An entire quarters worth of work has been summed up on my new website, Transmedia Evolution (http://transmediaevolution.wordpress.com/). You can find information on the past, present, and future of Transmedia. You can also download my presentation, paper, and annotated bibliography. If you have any questions let me know. Thanks for a good quarter everyone!
Category Archives: Masters of Communication in Digital Media
The following slide deck is for my presentation on Transmedia in Evolutions and Trends in Digital Media at the University of Washington. It may not make too much sense on it’s own. If you have any questions post them in the comments and I’ll do my best to answer them. Thanks!
This week’s post will focus on The Media Monopoly, by Ben H. Bagdikian. Bagdikian’s thesis is that mass media will choose what is better for businesses over what is better for society. I agree with his thesis, and would like to expand on some of his ideas further.
My work experience has put me in an interesting position. I have worked in a government broadcasting station for about two years and have seen the direct benefit a taxpayer-funded station can have on the public. With unbelievably limited staff resources, we can produce programs that educate and inform the public. Bagdikian states that government funded stations
“live on the knife-edge of unstable political appropriations and conservative attacks. Most stay alive by endless efforts to raise their own money from subscribers, and are forced to run commercials that duplicate those on the commercial stations. As a result, a real spectrum of non-commercial radio and television in the United States has remained skeletal” (Bagdikian, 1997).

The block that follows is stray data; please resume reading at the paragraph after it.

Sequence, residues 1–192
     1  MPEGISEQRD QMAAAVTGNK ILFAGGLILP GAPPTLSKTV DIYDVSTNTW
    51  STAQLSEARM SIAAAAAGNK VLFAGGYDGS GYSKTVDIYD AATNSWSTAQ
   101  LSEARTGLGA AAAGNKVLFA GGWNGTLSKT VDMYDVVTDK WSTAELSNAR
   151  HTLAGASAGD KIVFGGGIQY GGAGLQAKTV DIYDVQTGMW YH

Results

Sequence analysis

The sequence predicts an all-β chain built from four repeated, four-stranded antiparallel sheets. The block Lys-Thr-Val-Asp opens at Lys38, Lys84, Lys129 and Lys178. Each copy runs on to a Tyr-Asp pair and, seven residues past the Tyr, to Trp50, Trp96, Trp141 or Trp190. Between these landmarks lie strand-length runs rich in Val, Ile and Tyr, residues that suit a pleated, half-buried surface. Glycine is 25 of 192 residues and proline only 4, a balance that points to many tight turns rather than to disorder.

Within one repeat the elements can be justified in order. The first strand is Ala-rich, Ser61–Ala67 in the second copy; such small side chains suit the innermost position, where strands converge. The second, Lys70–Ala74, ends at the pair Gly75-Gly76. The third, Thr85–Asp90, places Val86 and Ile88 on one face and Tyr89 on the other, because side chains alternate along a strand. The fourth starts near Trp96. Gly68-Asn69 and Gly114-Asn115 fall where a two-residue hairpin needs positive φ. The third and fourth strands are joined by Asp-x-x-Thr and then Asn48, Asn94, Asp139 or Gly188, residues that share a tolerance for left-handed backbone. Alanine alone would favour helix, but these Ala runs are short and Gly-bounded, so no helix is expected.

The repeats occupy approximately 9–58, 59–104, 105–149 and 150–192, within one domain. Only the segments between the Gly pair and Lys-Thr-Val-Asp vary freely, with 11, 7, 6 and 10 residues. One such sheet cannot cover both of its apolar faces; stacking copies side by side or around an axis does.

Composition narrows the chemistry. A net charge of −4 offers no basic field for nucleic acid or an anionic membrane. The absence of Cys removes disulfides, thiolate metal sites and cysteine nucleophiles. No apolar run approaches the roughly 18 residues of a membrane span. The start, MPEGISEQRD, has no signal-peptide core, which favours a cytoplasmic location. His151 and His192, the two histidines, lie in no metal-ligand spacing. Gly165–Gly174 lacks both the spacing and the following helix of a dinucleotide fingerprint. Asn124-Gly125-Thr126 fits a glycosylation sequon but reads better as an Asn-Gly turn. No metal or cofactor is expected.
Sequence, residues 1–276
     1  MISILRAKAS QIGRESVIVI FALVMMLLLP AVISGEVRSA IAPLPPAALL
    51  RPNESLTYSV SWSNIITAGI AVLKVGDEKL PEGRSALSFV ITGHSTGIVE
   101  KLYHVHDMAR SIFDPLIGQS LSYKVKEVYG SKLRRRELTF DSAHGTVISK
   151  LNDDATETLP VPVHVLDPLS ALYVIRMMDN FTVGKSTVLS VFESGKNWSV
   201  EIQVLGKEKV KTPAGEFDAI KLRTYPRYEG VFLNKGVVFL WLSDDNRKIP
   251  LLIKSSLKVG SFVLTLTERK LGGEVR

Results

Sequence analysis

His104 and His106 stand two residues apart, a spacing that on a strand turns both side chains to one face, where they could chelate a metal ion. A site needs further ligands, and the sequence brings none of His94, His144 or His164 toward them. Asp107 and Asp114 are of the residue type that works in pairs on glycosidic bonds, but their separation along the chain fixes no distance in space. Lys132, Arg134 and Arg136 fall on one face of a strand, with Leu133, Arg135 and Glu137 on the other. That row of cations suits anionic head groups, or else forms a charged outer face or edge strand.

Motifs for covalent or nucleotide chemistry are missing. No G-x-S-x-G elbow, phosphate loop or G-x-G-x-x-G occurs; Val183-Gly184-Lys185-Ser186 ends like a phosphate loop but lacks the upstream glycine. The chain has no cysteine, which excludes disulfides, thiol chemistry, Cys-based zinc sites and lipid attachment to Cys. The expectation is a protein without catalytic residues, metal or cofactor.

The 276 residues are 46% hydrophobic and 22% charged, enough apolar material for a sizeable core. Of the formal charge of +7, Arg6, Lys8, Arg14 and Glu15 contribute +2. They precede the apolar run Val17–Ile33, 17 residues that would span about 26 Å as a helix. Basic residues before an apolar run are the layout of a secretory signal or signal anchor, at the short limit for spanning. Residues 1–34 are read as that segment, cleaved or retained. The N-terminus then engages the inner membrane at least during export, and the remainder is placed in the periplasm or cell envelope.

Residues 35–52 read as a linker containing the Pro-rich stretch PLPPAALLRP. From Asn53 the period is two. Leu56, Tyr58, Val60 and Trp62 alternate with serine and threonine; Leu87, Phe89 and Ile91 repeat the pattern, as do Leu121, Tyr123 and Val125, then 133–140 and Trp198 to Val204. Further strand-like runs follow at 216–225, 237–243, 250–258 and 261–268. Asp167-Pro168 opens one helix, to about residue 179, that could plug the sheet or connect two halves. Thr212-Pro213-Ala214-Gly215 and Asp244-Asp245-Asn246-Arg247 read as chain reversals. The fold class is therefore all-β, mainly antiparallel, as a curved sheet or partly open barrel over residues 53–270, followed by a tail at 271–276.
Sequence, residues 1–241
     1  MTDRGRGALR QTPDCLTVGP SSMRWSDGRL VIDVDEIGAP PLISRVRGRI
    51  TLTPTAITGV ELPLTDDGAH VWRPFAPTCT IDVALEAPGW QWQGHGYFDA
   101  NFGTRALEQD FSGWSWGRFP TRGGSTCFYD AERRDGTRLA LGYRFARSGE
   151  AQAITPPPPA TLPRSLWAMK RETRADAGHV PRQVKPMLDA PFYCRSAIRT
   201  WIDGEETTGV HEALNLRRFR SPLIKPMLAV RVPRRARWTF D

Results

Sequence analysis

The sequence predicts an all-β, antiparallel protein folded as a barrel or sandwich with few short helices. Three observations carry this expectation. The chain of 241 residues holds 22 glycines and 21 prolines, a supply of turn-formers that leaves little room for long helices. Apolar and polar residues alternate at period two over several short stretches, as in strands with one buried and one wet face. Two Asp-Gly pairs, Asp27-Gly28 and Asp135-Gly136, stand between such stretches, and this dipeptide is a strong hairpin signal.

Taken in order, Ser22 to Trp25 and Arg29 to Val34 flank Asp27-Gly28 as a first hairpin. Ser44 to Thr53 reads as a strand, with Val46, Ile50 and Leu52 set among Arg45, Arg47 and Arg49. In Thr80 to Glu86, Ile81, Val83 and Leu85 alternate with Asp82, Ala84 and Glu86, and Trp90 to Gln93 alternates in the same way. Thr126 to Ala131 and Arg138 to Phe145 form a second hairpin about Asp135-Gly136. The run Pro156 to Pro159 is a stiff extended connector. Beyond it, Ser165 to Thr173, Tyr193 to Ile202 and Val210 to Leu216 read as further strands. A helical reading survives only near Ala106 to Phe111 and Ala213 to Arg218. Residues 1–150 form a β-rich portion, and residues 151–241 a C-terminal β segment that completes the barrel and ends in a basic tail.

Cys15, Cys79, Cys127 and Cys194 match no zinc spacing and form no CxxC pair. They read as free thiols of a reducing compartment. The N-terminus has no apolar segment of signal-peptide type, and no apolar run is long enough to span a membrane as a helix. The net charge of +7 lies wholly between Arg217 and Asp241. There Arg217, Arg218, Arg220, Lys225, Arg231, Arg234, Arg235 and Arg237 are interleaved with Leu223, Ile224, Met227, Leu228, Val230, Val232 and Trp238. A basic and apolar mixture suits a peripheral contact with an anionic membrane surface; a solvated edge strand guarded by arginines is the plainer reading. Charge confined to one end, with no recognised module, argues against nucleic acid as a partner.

He couldn’t be more right.
Even though these public stations have remained “skeletal”, I believe they still have a chance to thrive. Because of the evolution of technology it has become much easier to produce content. What used to take weeks can now be done in hours with tools like Final Cut Pro. High Definition video can be recorded with a cell phone. We don’t even need to capture content from tapes because of SD cards with well over 100 gigabytes of storage. A relatively small staff can create content that would have cost hundreds of thousands of dollars ten years ago. Because of these changes, government funded stations can produce higher quality content for a fraction of the price.
Read the rest of this entry »
This anotated bibliography will help explain how the future of media will be much richer and engaging through Transmedia storytelling.
Brooker, W. (2009). All Our Variant Futures: The Many Narratives of Blade Runner: The Final Cut. Popular Communication, 7(2), 79-91. doi:10.1080/15405700802659056
The article focuses on Blade Runner, the cult science fiction movie. It goes into depth on how the franchise was able to reinvent itself multiple times through releasing alternate versions of the movie. It also compares Blade Runner to other Transmedia campaigns, including the Star Wars franchise.
The author, Will Booker, is a professor at Kingston University in Australia.
I will use this work to compare techniques in Transmedia storytelling. I will explore the way Blade Runner was able to change it’s narrative multiple times in comparison with Star Wars, where the story can never be changed.